I have read about family or group self-invested pensions. Can I bring my two daughters into my Sipp and then arrange for them to buy one of the properties from my company?
Apart from being a good marketing tool, there really is no such thing as a family or group Sipp. A Sipp is nothing other than a personal pension and each individual has to have their own arrangement with their own provider.
Yes, you can bring together several Sipps as a group and jointly purchase a property but each individual member will have their own individual contract with their own individual rights.
So, the answer to the first part of your question is no, you cannot bring your daughters into your Sipp. What we can do is set up two new Sipps for them with the same provider and then they can jointly make investments.
The next step is to find how we can move money to their pensions. They are not currently employees of your business and while your company can pay contributions for anyone, it is very unlikely that tax relief would be available to your company in the present situation.
Under the new simplified regime, anybody can pay pension contributions of any amount for anybody, it is just a question as to what tax consequences will apply.
I understand you have discussed the matter with your daughters, their solicitor and your accountant and it is agreed that your daughters will be appointed as working directors of your business. Furthermore, their employment packages will encompass significant pension contributions.
We now therefore have the means whereby two additional Sipps can be set up with your provider and significant contributions paid from your company to their pensions.
The simplification rules did away with connected party transactions, meaning that, with money in their pensions, your daughters will now be able to buy company properties.
The easiest way to deal with this will be for your two daughters to set up a common account jointly owned by the two Sipps and to buy the property via contributions into their Sipps.
Sipps can borrow up to half the value of their net assets. So, for example, if contributions of £50,000 each were made for your daughters, the schemes would be able to borrow a further £25,000 each, allowing a joint purchase of a £150,000 property.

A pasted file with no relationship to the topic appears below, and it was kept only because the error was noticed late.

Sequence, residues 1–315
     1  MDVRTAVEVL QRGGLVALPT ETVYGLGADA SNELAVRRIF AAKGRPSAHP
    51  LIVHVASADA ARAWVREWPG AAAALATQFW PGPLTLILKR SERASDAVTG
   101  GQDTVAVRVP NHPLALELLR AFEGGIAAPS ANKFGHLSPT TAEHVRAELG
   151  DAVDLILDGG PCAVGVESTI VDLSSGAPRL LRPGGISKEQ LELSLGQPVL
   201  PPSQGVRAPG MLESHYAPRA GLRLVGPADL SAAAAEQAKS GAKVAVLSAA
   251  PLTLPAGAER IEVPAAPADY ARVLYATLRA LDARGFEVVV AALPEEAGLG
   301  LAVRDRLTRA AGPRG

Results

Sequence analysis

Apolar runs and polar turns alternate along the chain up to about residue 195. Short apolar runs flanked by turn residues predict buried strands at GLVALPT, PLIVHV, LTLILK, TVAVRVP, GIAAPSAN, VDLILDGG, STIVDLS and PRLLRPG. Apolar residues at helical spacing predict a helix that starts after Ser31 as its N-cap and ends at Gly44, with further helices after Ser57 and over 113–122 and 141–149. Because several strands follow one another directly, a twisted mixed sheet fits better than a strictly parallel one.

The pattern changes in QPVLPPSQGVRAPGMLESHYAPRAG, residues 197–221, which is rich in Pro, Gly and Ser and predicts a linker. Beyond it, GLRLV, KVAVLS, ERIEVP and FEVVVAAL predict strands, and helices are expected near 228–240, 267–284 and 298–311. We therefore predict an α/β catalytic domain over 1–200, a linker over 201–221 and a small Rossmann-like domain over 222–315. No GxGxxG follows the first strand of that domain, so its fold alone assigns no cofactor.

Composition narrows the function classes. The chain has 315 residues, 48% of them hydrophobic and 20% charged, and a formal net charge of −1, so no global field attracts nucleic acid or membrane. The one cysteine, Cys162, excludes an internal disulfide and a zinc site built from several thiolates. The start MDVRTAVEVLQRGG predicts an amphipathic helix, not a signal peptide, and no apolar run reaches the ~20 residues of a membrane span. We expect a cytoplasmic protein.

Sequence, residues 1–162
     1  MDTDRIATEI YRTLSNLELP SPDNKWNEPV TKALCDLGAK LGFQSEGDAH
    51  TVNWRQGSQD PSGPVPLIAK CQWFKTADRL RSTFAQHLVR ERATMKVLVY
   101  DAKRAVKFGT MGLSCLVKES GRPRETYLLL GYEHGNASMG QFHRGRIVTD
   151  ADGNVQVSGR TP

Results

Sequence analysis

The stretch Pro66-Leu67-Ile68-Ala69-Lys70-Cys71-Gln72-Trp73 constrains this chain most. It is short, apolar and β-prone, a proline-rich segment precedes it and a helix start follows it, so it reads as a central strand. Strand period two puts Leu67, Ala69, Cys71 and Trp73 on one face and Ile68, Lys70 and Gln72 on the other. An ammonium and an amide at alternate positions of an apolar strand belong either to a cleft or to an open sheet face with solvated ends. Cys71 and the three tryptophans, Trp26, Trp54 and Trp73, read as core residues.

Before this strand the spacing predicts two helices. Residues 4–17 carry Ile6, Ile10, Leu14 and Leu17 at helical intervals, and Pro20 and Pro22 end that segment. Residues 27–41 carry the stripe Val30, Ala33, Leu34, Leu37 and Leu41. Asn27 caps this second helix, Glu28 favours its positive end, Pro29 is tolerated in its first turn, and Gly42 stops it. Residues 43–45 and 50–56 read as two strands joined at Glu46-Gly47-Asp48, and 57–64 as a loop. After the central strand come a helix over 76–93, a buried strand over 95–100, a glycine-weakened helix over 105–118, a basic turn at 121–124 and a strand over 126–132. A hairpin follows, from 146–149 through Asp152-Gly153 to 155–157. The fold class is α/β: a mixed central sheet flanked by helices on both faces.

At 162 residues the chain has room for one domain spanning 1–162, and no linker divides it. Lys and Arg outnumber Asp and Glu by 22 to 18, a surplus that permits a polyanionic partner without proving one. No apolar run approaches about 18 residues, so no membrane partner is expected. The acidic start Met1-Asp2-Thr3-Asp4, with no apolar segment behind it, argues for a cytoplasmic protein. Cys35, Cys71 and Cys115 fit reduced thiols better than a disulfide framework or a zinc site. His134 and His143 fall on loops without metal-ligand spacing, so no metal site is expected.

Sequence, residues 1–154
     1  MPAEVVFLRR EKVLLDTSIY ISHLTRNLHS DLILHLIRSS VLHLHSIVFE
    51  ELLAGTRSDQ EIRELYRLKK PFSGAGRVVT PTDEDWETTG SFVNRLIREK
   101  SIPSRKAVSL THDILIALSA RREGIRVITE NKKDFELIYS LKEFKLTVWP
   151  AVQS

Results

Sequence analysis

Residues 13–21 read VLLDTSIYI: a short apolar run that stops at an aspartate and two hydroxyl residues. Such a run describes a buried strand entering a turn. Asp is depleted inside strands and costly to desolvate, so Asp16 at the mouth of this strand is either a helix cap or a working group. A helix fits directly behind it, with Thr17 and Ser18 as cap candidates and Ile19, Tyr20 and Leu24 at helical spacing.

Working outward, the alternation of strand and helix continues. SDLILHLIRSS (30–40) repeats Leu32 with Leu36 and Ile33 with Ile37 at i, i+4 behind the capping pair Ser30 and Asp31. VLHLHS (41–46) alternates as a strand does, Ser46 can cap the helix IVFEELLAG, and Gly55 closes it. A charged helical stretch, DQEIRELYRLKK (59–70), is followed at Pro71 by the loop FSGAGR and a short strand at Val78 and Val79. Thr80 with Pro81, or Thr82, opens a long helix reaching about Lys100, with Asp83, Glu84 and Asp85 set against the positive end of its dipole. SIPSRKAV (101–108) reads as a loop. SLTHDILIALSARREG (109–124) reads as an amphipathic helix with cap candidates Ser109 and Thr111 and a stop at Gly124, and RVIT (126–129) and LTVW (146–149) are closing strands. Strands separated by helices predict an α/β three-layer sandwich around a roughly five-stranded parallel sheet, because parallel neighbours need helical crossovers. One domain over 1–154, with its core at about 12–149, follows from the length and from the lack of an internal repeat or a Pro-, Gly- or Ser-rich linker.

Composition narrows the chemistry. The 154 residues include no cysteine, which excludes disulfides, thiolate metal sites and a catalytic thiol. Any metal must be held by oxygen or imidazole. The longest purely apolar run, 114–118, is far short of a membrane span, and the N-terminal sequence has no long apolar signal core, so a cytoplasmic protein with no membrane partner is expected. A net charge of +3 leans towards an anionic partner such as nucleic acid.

Another opportunity opens up, however, because you are putting in place new contracts for your daughters as directors of the company, including pension contracts.
This means you are creating a liability on the company to pay pension contributions. The contribution could now be made in specie. This means the transfer of an asset belonging to the company of equal value to the liability created by the promise to pay a pension contribution. Independent valuations of any such asset would be required but such an asset transfer could be treated in its own right as a contribution and tax relief sought.
All normal legal procedures still need to take place and you would need to discuss with your accountant the fact that you would be releasing the asset from your business.
Interestingly, some Sipp providers, in addition to allowing in specie property contributions, will also allow partial ownership. If, for example, the property you are considering was valued at £200,000 but you felt it only proper to make a £100,000 contribution to your daughters’ pensions, and they did not wish to borrow any money, the transfer could be effected through part-ownership of £100,000 in the first year, transferring the remaining part of the property in the subsequent year.
There are stamp duty and taxation implications going down this route but it is now perfectly feasible.
Of course, we must not forget your own Sipp and if you wished you could buy the property with your daughters in whatever shares you felt appropriate between all three Sipps.
Richard Jacobs is managing director of Richard Jacobs Pensions & Trustee Services